Another factor I believe to be extremely important is ride noise. No one wants to have a constant drone or hear every crack in the road they roll over. The Yokohama Advan Sport A/S+ has a ride that’s almost as quiet as the Michelin for much less money.

The one nit-picky thing I believe could be better is the handling. While having a smooth ride, the handling seems to not be on par with the rest of the tire. Since the sidewalls have more flex to provide a smooth ride, there is more than an ideal body roll when making tight turns.

It’s a good thing I had to pick the best highway tire for this one because there are no tight turns on highways.

What To Look For When Buying The Best Tires For All-Season Performance Tires?

Trying to find the best tire to fit your needs is difficult, so here are three things to help make it a little easier.

The Tread Pattern

Most all-season performance tires will feature an asymmetric tread pattern. This is for a good reason, as directional tread designs are designed more for winter tires and racing applications. Symmetrical tread designs are made for extended tread life, not high performance.

How Much Siping Is In The Tread

If an all-season tire doesn’t have adequate siping, it will not provide enough snow traction in cold weather. This is why performance summer tires have no additional siping in the tread.

Rebates

All-season performance tires tend to be pricier, so always be on the lookout for a rebate to help with that cost.

How Much Do All-Season Performance Tires Typically Cost?

I have seen it countless times where someone comes in looking for tires and is shocked at how expensive they can be. Here are some price ranges you can expect when looking for your next set of all-season performance tires.

Four New Tires

The price will heavily depend on your size and the quality, but a typical set of tires will cost you between $600 and $1200.

Two New Tires

If you were only looking to replace only two of your tires, you could expect to pay between $300 and $800.

Single Tire

Did you have a blowout and only need one new tire? It will cost you between $100 and $350 to get that replaced.

Are All-Season Performance Tires Worth It?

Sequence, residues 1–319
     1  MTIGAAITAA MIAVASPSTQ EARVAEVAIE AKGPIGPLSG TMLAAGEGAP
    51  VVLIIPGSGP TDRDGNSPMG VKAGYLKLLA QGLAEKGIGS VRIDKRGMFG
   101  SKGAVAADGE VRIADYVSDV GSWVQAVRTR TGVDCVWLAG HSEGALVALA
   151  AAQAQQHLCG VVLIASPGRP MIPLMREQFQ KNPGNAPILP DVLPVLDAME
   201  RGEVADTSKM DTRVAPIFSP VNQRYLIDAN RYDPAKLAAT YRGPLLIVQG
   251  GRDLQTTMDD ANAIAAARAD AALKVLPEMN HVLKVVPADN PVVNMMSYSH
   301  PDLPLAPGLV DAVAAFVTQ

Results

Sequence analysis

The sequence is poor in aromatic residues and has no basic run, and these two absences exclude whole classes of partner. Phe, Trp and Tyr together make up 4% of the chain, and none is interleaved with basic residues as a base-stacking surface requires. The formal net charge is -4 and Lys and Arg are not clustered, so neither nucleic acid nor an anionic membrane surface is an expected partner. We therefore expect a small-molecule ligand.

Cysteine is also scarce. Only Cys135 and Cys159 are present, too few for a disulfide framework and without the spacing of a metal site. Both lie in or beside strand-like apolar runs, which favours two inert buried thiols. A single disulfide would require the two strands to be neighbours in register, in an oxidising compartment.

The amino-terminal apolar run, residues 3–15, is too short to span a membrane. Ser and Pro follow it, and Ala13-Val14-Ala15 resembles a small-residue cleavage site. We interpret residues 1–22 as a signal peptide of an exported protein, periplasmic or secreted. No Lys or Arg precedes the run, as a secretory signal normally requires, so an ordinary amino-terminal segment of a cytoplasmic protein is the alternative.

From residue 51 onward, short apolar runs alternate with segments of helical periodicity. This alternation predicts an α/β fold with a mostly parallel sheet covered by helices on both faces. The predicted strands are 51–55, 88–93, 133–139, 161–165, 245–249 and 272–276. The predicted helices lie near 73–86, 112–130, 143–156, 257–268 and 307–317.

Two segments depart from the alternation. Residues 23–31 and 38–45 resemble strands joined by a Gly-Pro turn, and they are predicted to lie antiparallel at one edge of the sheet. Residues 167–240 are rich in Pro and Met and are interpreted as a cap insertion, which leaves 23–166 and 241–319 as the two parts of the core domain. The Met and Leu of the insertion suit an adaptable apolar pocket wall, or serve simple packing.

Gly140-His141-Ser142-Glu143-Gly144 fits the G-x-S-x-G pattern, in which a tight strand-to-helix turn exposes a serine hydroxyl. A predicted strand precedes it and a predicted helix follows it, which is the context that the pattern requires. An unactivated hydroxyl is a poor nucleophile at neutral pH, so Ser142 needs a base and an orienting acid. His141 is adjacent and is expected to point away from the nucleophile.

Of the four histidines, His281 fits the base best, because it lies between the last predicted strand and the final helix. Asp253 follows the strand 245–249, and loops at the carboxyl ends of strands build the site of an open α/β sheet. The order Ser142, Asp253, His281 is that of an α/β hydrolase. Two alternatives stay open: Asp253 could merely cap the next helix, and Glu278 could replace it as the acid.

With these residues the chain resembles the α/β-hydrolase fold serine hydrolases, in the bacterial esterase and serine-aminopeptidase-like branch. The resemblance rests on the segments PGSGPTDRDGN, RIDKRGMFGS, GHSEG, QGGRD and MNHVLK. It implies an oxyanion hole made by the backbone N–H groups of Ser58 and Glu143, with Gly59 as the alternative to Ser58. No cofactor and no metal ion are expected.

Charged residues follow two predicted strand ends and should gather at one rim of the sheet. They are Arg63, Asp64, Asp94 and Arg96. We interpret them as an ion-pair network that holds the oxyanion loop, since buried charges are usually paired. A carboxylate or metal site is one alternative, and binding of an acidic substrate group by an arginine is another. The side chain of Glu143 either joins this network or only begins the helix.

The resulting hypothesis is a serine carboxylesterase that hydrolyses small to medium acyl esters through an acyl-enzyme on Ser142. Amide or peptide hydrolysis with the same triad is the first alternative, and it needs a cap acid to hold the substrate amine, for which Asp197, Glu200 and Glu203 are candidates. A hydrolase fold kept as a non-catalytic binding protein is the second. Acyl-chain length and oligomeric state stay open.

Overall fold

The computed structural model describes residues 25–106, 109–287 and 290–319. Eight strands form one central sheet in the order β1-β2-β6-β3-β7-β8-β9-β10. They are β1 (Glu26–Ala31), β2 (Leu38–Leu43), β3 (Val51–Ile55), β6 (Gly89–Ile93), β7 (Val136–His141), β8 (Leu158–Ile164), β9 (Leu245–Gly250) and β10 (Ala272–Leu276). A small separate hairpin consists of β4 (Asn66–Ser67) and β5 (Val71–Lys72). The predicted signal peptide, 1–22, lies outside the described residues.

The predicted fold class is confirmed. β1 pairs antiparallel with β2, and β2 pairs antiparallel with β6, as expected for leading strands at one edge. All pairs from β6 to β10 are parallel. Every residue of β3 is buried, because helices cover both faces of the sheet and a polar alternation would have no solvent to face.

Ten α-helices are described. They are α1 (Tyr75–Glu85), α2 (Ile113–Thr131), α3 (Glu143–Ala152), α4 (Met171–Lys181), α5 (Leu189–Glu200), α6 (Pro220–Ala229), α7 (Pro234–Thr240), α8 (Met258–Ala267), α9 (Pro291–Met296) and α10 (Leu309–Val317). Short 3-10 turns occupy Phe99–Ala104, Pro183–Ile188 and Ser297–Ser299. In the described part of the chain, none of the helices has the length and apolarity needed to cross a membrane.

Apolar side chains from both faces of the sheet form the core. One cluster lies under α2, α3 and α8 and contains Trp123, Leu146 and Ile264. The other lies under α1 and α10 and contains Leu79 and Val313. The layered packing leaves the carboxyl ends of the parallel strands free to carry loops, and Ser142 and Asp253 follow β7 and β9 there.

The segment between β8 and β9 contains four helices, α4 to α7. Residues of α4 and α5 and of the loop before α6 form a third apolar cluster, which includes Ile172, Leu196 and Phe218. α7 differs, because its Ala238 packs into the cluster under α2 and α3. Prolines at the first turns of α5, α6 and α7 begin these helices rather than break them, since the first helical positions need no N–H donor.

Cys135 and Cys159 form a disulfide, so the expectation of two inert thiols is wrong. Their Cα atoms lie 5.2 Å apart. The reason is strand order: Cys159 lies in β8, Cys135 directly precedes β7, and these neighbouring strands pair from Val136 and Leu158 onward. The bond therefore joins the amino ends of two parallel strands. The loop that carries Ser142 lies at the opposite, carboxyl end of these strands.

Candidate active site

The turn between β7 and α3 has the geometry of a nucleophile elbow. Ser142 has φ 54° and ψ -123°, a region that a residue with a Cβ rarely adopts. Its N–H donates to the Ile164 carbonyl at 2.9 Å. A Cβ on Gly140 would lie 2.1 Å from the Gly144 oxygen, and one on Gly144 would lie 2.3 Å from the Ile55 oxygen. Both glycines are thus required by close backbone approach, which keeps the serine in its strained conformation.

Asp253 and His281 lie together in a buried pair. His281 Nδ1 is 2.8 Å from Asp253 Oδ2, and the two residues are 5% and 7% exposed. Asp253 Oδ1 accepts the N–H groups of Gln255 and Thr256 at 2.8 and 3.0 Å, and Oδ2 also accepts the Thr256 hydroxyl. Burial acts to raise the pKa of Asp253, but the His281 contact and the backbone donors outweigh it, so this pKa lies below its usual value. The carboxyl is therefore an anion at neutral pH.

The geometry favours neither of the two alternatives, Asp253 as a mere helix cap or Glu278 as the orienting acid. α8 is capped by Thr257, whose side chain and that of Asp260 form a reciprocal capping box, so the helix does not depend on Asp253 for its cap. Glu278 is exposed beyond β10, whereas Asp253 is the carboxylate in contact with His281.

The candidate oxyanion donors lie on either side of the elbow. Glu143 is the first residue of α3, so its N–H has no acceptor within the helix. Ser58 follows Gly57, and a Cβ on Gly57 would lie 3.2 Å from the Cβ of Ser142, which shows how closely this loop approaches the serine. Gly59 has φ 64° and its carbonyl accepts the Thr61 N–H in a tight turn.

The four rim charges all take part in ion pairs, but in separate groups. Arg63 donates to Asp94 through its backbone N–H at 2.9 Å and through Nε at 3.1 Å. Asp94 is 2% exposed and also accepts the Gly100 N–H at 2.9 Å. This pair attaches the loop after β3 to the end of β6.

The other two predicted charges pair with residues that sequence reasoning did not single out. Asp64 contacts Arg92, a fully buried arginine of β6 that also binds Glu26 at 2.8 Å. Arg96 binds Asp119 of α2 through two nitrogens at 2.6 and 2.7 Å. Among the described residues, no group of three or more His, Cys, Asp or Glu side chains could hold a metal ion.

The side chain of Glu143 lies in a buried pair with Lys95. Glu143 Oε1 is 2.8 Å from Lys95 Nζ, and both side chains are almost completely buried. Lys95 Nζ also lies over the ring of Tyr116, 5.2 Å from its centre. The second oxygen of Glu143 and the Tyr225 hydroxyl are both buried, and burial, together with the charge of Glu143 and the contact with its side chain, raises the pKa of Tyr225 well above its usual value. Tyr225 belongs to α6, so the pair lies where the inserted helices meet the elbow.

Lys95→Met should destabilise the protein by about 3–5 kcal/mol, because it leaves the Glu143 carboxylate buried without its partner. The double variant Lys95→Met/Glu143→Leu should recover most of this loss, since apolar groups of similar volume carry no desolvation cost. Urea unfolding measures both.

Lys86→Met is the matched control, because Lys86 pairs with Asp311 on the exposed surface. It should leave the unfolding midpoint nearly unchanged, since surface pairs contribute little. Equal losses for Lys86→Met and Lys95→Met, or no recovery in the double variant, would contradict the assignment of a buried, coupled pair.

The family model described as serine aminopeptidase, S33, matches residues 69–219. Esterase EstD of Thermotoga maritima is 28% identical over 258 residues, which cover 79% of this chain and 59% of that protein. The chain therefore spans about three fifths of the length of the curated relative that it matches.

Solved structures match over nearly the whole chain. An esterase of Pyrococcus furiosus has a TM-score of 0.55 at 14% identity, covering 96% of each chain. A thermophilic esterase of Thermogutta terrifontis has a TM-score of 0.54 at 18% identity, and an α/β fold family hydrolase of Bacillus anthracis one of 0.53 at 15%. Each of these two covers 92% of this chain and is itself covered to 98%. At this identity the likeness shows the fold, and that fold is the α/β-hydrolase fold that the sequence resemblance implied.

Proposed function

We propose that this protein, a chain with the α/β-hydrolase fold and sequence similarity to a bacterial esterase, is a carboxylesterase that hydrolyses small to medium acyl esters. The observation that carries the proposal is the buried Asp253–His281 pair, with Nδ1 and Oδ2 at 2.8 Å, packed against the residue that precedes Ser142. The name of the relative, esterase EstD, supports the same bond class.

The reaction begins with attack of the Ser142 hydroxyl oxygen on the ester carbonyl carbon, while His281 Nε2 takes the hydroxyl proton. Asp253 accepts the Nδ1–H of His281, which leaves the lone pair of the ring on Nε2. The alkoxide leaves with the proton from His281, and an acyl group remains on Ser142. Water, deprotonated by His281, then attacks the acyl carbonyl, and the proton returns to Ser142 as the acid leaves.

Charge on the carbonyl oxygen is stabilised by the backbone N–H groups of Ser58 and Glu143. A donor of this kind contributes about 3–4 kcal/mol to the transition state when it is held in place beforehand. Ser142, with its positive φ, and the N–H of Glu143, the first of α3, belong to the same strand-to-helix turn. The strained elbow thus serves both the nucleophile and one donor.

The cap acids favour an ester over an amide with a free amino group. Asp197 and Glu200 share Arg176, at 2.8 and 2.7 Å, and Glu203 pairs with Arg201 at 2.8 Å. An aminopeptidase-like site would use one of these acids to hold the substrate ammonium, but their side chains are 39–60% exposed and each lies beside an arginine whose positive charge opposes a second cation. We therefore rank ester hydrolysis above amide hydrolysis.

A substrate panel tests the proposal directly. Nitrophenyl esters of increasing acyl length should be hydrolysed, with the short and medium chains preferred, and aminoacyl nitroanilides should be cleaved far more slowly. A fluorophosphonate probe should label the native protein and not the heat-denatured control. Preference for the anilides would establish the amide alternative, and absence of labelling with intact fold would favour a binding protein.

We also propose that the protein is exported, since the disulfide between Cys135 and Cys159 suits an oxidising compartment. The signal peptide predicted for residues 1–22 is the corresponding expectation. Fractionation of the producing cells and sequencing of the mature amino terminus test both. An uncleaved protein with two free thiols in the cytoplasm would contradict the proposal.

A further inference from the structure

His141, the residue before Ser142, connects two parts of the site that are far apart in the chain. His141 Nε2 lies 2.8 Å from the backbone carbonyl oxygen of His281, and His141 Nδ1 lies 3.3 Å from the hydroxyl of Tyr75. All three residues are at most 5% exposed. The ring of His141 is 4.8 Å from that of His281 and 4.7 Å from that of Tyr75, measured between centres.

All-season performance tires can be worth it depending on your primary vehicle use. Obviously, if you plan to take your vehicle off-roading, I would not recommend all-season performance tires. The best application would be for anyone who has a vehicle equipped with a sports suspension and drives like Nascar.

How Long Should Your All-Season Performance Tires Last?

There is quite a wide range of mileage expectancies from these tires. I have seen as many as sixty-thousand miles on the high and twenty-thousand on the low.

If you maintain your tires properly, i.e., rotations every five to eight thousand miles, air pressure checks every month, and proper alignment, you can expect to see around fifty thousand miles.

Does the Year of Your Vehicle Matter When Buying New All-Season Performance Tires?

Absolutely not! These tires would be an excellent choice for any vehicle looking to get better handling and traction, no matter the year.

Anything Else Worth Knowing When Buying All-Season Performance Tires?

I want to tell you the difference between ultra-high performance all-season and high-performance all-seasons.

An ultra-high performance tire will come in higher traction ratings to give the tires better grip, and they will also have a shorter tread life.

High-performance all-seasons have lower traction ratings and are meant for vehicles like the Toyota Camry TRD, a car that will come with a lower profile tire but doesn’t have quite the same performance as a BMW M3.

Frequently Asked Questions
It will be safe in light snow if it is a performance all-season tire. However, if the temperatures drop below forty degrees, the rubber compound will stiffen up and not perform as safely.
Yes, especially if they are summer tires like the Michelin Pilot Sport 4S or Hankook Ventus S1 Evo3. Performance tires come with a higher traction rating; to get this, they have to lower the treadwear rating, giving you a tire that wears faster.
Performance all-season tires come in speed rating H and higher to provide performance at higher speeds. All-season tires will only come in speed ratings lower than H, providing longer tread life.